Re-elect Sen. Little

State Sen. Betty Little talks with the Enterprise editorial board at its Saranac Lake offices in October. (Enterprise photo — Aaron Cerbone)

We support state Sen. Betty Little for re-election in New York’s largest Senate district, the 45th, which covers the northeastern portion of the state: Essex, Franklin, Clinton, Warren and parts of St. Lawrence and Washington counties.

Little is always reasonable and a great listener. She is politically moderate and tends to focus on people and policy rather than politics. She has always worked well with Democrats as well as her fellow Republicans. She is deeply knowledgeable about how state actions work and don’t work on the ground.

She is also steeped in experience, starting in public service in the 1980s in her hometown of Queensbury and then winning election to the state Assembly in the ’90s and the Senate in 2002.

Best of all, she and her staff are incredibly helpful. It seems like everyone in the North Country has received help from her office, perhaps in navigating state bureaucracy or getting a business license or a needed grant. She reads local papers thoroughly and sometimes writes congratulatory letters to those who won honors.

We are very fortunate to have such a representative in government.

Perhaps the strongest criticism one might levy against Little is that she focuses so much on the small stuff and less on the big picture, perhaps because of her aversion to power politics. That’s not, perhaps, the worst thing in the world, but nevertheless it is good for her to face a challenger in this election. The last time a major-party candidate ran against her was 12 years ago; none has dared face her in the last five elections.

Emily Martz of Saranac Lake shifted to the Senate race this summer after the June primary ender her congressional run. We have known her for several years and like her very much, but nothing she has said has changed our support for Little.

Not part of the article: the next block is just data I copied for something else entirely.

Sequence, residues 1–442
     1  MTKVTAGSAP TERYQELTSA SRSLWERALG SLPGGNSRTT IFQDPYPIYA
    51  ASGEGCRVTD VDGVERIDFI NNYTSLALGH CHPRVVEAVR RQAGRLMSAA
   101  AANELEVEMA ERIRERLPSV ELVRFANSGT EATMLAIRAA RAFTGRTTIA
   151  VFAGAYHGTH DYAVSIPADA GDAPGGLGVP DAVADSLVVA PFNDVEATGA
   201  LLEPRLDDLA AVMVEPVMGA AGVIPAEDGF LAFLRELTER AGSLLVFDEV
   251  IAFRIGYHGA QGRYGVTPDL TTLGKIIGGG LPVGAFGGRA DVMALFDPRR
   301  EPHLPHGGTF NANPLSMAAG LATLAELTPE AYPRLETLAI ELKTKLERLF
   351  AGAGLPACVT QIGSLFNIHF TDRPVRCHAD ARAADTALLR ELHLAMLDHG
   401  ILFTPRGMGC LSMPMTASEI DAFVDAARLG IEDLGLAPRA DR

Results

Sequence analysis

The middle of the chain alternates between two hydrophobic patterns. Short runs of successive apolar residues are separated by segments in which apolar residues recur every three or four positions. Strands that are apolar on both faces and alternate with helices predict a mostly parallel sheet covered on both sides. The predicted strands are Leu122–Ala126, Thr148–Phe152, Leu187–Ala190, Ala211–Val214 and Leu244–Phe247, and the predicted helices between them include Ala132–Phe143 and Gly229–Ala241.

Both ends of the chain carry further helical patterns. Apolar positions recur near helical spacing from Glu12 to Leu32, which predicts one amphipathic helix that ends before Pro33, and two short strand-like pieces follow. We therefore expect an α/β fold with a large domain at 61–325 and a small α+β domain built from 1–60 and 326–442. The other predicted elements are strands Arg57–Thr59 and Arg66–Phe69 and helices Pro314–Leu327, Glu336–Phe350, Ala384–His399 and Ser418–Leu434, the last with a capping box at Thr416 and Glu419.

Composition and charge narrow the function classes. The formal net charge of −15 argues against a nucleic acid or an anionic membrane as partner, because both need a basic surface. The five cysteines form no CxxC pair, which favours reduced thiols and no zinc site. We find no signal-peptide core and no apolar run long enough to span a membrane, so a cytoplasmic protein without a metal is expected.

In a recent interview with us, Martz struggled to distinguish herself from Little except on party-line issues such as health care and abortion. She would vote for the single-payer health plan now stuck in the Senate Health Committee, of which Little is a member. Little says universal health care should be passed at a national level but wouldn’t work state by state. Martz supports bills to expand abortion rights in New York. Little cannot bring herself to allow late-term abortions, although she supports birth control and sex education.

Martz also tried to distinguish yourself by supporting the Child Victims Act, which would extend the statute of limitations for child sex crimes and lift the statue to allow lawsuits for one year. Little was skeptical of earlier versions of the bill but since has looked at how other states’ versions work. Now she says she will vote for it. We are glad she did the research and agree the bill should be approved.

Martz kept telling us she has fresh ideas, but when asked what they are, she was able to point to only two relatively small ones: helping BOCES students get apprenticeships with local businesses, and helping tear down asbestos-contaminated buildings more quickly. She didn’t know exactly how either initiative would work.

It’s hard to challenge someone so well liked and capable. We commend Martz but endorse Little.


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